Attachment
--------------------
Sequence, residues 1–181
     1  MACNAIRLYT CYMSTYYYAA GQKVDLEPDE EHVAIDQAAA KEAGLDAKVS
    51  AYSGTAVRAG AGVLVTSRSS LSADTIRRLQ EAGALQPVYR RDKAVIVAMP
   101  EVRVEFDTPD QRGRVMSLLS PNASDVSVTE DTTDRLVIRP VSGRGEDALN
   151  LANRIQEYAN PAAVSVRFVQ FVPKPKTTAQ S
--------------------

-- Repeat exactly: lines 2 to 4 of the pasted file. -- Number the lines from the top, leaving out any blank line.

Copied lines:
     1  MACNAIRLYT CYMSTYYYAA GQKVDLEPDE EHVAIDQAAA KEAGLDAKVS
    51  AYSGTAVRAG AGVLVTSRSS LSADTIRRLQ EAGALQPVYR RDKAVIVAMP
   101  EVRVEFDTPD QRGRVMSLLS PNASDVSVTE DTTDRLVIRP VSGRGEDALN